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George Paxton, Nonviolent Resistance to the Nazis

YouCaxton Publication, 2016; 252pp; £10

Image‘But what about Nazi Germany?’ No doubt many Peace News readers have been asked this question when they have voiced support for nonviolence.

Summarising a range of published material, George Paxton shows that nonviolent resistance to Adolf Hitler’s government was widespread. And though it is often poorly-referenced and somewhat repetitive, this feels like one of the most important books I’ve read in a long time.

From underground newspapers, open letters, graffiti, and socially ostracising the occupiers, to slow working, boycotts and hiding and rescuing Jews, Paxton sets out what is effectively secret history in a culture that reveres the violent struggle against Nazi Germany. Who knew, for example, that on the first day that Copenhagen was occupied handwritten leaflets appeared on the streets, titled ‘Ten Commandments for Passive Resistance’?

In the book’s middle section, Paxton focuses on case studies of resistance, such as the extraordinary White Rose Group. Active in Munich in the 1940s, this secret band of young people printed thousands of anti-Nazi leaflets and distributed them throughout Germany – often travelling to other cities to post them on in order to avoid detection.

Though they worked under an extremely repressive state, individuals, groups and populations were able to win some limited successes – highlighting the fact that the Nazi leadership was not all powerful, but often compromised for political reasons.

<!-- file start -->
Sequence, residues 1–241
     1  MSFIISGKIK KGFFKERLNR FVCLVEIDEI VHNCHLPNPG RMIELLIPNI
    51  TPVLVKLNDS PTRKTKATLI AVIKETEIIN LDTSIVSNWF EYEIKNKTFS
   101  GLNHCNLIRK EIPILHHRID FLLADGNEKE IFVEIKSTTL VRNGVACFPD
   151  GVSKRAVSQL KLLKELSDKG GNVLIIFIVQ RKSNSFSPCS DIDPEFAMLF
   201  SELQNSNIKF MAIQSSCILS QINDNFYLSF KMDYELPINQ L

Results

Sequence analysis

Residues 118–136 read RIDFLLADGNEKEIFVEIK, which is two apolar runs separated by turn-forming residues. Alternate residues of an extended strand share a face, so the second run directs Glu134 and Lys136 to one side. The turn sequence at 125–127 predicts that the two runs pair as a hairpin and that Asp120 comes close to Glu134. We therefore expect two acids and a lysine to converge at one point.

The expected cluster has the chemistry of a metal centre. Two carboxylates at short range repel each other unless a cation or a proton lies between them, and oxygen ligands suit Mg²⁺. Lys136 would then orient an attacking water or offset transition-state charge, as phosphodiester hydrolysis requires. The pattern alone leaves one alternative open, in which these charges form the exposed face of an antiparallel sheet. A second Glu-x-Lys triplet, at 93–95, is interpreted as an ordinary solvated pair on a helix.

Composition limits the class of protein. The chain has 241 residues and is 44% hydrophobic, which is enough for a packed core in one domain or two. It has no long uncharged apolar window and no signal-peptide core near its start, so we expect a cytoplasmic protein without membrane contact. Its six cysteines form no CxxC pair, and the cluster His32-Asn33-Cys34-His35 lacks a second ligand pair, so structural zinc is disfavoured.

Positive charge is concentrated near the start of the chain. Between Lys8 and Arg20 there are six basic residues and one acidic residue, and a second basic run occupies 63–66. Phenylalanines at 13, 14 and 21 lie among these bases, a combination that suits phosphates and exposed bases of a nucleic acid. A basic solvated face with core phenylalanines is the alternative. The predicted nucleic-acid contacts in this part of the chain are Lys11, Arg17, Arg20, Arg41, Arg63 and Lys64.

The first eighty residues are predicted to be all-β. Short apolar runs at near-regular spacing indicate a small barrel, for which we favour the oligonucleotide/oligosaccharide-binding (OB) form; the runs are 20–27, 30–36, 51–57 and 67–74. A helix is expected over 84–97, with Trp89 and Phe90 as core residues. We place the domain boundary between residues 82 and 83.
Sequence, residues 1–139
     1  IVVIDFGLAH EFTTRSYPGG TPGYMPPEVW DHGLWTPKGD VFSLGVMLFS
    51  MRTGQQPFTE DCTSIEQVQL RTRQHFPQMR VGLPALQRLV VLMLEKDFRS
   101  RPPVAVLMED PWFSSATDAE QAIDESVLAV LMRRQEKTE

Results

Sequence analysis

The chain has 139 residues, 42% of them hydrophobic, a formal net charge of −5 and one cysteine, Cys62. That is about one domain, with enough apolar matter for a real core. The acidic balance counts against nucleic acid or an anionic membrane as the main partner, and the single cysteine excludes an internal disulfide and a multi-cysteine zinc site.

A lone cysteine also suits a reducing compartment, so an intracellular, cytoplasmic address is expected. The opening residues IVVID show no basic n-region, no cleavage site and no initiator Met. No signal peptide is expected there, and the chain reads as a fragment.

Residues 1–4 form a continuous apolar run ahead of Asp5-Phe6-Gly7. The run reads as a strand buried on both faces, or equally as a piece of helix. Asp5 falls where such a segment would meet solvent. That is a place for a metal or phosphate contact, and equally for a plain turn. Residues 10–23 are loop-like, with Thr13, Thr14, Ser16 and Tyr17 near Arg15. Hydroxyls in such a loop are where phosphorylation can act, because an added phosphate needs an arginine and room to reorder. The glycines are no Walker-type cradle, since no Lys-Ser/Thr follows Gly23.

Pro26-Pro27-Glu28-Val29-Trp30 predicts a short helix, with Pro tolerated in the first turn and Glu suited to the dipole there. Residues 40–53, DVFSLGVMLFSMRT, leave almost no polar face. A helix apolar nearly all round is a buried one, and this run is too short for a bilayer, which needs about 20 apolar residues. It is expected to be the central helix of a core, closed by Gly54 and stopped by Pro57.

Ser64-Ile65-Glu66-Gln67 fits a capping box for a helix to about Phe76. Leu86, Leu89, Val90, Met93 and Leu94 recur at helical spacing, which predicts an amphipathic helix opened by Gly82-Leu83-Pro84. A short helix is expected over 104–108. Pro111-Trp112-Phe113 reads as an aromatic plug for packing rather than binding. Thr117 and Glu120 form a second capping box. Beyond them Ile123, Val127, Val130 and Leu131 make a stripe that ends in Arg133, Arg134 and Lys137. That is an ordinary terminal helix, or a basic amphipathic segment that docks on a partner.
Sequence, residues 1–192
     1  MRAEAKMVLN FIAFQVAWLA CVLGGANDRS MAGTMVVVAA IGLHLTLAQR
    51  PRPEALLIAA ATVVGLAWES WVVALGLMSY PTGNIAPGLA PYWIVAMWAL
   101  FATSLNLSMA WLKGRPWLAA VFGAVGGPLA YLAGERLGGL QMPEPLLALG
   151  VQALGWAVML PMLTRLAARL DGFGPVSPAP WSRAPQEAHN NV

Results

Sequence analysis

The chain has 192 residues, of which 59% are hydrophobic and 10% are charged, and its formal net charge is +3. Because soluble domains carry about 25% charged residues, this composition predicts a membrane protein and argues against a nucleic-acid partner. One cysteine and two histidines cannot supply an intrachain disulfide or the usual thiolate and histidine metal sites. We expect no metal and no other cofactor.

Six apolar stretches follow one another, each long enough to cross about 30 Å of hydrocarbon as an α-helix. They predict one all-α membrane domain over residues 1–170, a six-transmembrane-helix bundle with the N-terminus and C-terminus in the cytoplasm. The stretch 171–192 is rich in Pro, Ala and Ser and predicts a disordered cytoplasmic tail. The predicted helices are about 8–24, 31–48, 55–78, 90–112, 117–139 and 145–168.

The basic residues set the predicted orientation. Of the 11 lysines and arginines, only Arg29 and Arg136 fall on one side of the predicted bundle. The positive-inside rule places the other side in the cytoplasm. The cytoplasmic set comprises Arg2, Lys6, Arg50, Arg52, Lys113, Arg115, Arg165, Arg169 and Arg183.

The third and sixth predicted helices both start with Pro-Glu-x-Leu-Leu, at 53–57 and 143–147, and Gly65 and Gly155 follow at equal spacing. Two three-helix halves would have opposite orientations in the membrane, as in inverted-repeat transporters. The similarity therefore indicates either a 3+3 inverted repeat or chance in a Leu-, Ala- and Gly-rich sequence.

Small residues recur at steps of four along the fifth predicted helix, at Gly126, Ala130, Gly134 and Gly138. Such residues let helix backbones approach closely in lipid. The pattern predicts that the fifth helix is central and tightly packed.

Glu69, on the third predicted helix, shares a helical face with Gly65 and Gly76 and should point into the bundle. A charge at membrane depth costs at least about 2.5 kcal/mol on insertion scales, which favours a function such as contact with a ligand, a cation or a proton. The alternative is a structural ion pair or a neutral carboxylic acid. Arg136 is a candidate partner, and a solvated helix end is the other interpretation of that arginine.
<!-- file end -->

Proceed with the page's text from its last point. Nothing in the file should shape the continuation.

In Denmark, nearly all of the Jewish population were rescued from the Holocaust, while a 1941 strike in France against food shortages involving 100,000 miners won more food coupons. In Berlin, in 1943, the non-Jewish wives of Jews protested in the street over the threatened deportation of their husbands. Though the Gestapo HQ was close by, ‘they did not act against the women fearing that the protests might spread’, notes Paxton. The deportations were suspended.

Citing French historian Jacques Semelin, Paxton argues that a number of factors increased the chances of success: a united front by the occupied populace, strong democratic traditions and grassroots organisations, a belief in tolerance and a good source of money and food.

Like nonviolence guru Gene Sharp (PN 2543), Paxton, who is a trustee of the Gandhi Foundation, believes that nonviolent resistance would have been most effective against Nazi Germany if it had been deployed at the earliest stage possible.

A goldmine of information, fascinating stories and inspiration for peace activists, this book deserves a wide readership.